An international group of vaccine experts, including officials from the Food and Drug Administration (FDA) and World Health Organization (WHO), said that there is no evidence to suggest that the general population needs COVID-19 vaccine booster shots.
The authors warned that if booster shots are introduced too soon, they may cause more side effects in the general population, including myocarditis or Guillain-Barre syndrome. Should that occur, the researchers said, it would create even more problems with vaccine acceptance in the general population.
The paper was published Monday in The Lancet medical journal and was co-authored by Marion Gruber and Phil Krause, two top FDA officials in charge of regulating and approving vaccines. Both Gruber and Krause are slated to depart the FDA in the coming weeks, the agency confirmed about two weeks ago.
The Lancet paper’s authors said that available COVID-19 vaccines are able to offer strong protection against severe COVID-19 cases and symptoms. They noted that protection against symptomatic infection from the Delta variant has dropped.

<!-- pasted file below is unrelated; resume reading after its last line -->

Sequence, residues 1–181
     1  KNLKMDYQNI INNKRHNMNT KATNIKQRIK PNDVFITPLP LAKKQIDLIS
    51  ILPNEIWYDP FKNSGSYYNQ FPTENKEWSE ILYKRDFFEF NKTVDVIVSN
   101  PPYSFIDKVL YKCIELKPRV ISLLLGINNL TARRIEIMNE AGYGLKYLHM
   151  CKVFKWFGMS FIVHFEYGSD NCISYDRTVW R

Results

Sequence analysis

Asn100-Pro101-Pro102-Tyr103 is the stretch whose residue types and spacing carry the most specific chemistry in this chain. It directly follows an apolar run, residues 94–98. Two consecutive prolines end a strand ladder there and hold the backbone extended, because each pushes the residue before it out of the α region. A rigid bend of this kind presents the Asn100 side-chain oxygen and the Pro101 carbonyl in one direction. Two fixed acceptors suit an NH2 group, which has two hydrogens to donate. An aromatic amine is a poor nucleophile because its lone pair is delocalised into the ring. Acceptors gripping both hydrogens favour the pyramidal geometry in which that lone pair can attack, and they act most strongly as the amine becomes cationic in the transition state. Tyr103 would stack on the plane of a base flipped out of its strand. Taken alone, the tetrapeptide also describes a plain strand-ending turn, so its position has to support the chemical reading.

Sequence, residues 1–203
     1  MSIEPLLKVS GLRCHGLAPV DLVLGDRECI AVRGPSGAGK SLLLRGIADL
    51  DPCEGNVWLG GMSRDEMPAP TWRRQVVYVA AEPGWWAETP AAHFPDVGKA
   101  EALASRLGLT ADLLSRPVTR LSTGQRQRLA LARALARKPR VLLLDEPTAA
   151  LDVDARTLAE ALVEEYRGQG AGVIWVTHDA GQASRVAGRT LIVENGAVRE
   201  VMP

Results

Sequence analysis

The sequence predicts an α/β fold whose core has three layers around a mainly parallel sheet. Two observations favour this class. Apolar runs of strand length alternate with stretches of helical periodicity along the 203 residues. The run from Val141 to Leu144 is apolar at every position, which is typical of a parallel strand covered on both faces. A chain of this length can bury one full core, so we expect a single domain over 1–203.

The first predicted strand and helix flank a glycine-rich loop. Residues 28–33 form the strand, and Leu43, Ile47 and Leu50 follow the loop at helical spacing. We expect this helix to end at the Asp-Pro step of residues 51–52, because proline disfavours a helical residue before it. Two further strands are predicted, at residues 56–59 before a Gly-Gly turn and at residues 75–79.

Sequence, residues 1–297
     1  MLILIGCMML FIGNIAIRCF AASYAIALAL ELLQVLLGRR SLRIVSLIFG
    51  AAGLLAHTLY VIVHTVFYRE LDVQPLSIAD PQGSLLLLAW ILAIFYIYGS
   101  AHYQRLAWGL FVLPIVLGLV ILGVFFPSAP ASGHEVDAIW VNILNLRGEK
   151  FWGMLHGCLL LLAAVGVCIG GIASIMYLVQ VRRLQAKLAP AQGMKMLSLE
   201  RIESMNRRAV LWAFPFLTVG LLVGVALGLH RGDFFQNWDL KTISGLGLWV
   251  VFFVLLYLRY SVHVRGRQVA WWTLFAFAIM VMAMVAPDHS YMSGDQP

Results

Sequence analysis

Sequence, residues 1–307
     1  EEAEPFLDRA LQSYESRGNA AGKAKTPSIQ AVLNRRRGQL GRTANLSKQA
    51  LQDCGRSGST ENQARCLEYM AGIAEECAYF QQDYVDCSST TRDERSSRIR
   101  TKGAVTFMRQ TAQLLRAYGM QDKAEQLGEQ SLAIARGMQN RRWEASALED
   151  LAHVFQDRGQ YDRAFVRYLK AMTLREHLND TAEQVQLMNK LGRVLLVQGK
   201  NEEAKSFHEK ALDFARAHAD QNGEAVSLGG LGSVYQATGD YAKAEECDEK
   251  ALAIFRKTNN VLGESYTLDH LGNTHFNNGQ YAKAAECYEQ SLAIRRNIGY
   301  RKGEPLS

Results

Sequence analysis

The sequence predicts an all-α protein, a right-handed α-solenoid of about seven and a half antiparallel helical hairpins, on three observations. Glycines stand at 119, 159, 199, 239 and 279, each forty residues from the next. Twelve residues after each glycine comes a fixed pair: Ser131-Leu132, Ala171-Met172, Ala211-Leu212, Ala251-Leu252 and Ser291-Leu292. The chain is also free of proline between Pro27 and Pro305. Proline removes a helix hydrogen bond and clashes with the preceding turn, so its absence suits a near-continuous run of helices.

But, they added that “current evidence does not … appear to show a need for boosting in the general population, in which efficacy against severe disease remains high.”
“Even if boosting were eventually shown to decrease the medium-term risk of serious disease, current vaccine supplies could save more lives if used in previously unvaccinated populations,” the authors added.
Booster shots could lead to more harmful side effects in the general population, which is a poorly understood phenomenon, they cautioned.
“There could be risks if boosters are widely introduced too soon, or too frequently, especially with vaccines that can have immune-mediated side-eﬀects (such as myocarditis, which is more common after the second dose of some mRNA vaccines, or Guillain-Barre syndrome, which has been associated with adenovirus-vectored COVID-19 vaccines ),” the study said.
If “unnecessary boosting causes signiﬁcant adverse reactions,” such as the aforementioned side-effects, the authors said, “there could be implications for vaccine acceptance that go beyond COVID-19 vaccines.”